Hu ċar li hemm il-biża’. Il-biża’ hi dwar kuntatti bil-moħbi (lobbying mhux trasparenti). Wara l-każ ta’ John Dalli, hu inevitabbli li Karmenu Vella jitqiegħed taħt il-lenti.  L-ispjegazzjonijiet li jrid jagħti huma bosta.

Hu ċar, għal min irid jifhem, li hemm baħar jaqsam bejn kif inħarsu lejn is-serjeta’ fil-ħajja pubblika aħna l-Maltin u kif iħarsu lejha fl-Ewropa. Il-Corporate Europe Observatory qed jgħid b’mod ċar li dak li f’Malta ma nagħtux kaz tieghu, għalihom hu ta’ importanza fundamentali.  Mhux ser ikun faċli għal Karmenu Vella, anke bir-rieda tajba kollha possibli, li jikkonvinċi, għax il-każ ta’ John Dalli ħoloq pregudizzju kbir fil-konfront ta’ Malta u tal-Maltin li diffiċli ħafna biex jingħeleb.

 

ara wkoll fuq dan il-blog

10 ta’ Settembru 2014 : Ir-responsabbiltajiet ta’ Karmenu Vella fil-Kummissjoni Juncker .

11 ta’ Settembru 2014 : Jean Claude Juncker hu ġurdien xiħ.

12 ta’ Settembru 2014: Kif jista’ Karmenu Vella jitfi s-switch?

Oxford University dwar kif u għalfejn ħadmu lil John Dalli

 

Dalli.Barroso

Ilna żmien naqraw li l-każ John Dalli fl-Unjoni Ewropeja huwa parti minn eżerċizzju ta’ lobbying mill-industrija tat-tabakk.

Bil-mod il-mod hemm min qed isib id-dettalji dwar kif saret din il-ħadma.

Aqraw ftit din l-istqarrija maħruġa mill-Universita’ ta’ Oxford. L-oriġinal issibuh hawn:

Study identifies EU policy shift on tobacco control after massive industry lobbying

A study has tracked how the dominance of language that first appeared in tobacco industry’s submissions gradually crept into the final drafts of the European tobacco directive passed by the European parliament earlier this year. Using a word coding technique, researchers tracked how the European Commission’s drafts on tobacco control policy changed markedly between 2010 and 2013, resembling tobacco industry submissions much more than those of health groups in the latter stages. The study concludes that the change in the drafts coincided with massive lobbying by the tobacco industry and was ‘associated with significant policy shifts’ towards the tobacco industry. The research in Tobacco Control, published by BMJ, was conducted by the University of Oxford, London School of Hygiene &Tropical Medicine and the University of Bath.

The research team used a form of automated content analysis, Wordscores, to code the wording of three main drafts of the proposed revision to the European Tobacco Products Directive. They also coded 20 documents from 18 stakeholders (health groups and representatives from the tobacco industry) written between 2010 and 2013, in which the different positions on tobacco controls were expressed. This computer-based technique is widely used to code policy positions of party manifestos and lobbyists, but it is thought to be the first time it has been applied to measure the effects of different lobby groups on tobacco control. The research team scaled Wordscores from 0, reflecting the position of tobacco industry, to 1, reflecting the position of tobacco control advocates. They found that the European documents shifted from a near neutral position of 0.52 (slightly favouring the health groups) to 0.4 (a relative 10% shift towards the tobacco industry position).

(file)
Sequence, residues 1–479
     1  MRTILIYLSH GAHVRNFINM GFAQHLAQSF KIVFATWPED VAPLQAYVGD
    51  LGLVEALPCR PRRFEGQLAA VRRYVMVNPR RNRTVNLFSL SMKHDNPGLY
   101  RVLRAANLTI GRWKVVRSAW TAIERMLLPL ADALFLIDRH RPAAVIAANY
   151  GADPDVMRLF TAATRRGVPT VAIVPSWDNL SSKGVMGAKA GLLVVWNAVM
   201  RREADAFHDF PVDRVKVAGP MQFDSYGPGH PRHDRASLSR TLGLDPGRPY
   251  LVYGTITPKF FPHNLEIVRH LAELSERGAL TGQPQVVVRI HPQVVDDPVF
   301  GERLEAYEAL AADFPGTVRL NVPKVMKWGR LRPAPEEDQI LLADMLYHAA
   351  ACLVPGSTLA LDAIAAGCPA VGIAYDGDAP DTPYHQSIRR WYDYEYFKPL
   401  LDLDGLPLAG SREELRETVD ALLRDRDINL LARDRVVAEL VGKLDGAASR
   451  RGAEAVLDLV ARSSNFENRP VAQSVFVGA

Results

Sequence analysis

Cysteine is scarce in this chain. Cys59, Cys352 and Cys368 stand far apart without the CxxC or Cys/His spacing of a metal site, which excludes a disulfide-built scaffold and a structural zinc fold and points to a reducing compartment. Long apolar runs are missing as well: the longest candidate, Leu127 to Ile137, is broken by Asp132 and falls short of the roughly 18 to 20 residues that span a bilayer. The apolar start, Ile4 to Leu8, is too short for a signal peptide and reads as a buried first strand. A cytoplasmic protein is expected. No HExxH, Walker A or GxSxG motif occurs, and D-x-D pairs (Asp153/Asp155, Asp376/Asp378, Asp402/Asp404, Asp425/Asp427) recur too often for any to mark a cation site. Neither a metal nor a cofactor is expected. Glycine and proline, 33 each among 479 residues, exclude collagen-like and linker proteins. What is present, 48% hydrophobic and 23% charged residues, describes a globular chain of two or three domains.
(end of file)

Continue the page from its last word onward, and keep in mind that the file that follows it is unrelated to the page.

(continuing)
Initially, the European Commission’s draft legislation from 2010 was closer to the position of health groups but as it passed through the Commission in 2013 and eventually EU Parliament and Council in 2014, the policy position moved significantly closer to that expressed by the tobacco industry, says the research. The research adds that this shift coincided with the tobacco industry employing over 170 full-time lobbyists and corresponded with a reduction in the proposed size of plain packaging labels, delays to proposed bans on menthol cigarettes, and a scaling back of proposed limits on where cigarettes could be sold. Several stakeholders, including retailers and trade unions, also held positions closer to the tobacco industry over the same period.

The word ‘health’, which appeared in about 1.71% of words in health group submissions, made up around 1.5% of total words in the initial European Commission proposal but only 1.21% of total words in the final approved legislation, says the research. Meanwhile, the researchers found that the root word ‘warn’, used frequently in submissions by health groups, declined from 1.57% to 1.18% in official EU documents.

Researcher Professor David Stuckler from Oxford University said: ‘This study documents a significant policy shift in EU legislation in favour of the tobacco industry following massive lobbying. This shift happened in spite of the fact that all EU countries have signed the Framework Convention on Tobacco Control, a treaty developed to protect policy-making from industry manipulation, which is a cause of concern.’

Professor Martin McKee, from the London School of Hygiene & Tropical Medicine, said: ‘Our study shows why we need to tighten up the governance of health policy in the different institutions of the European Union.’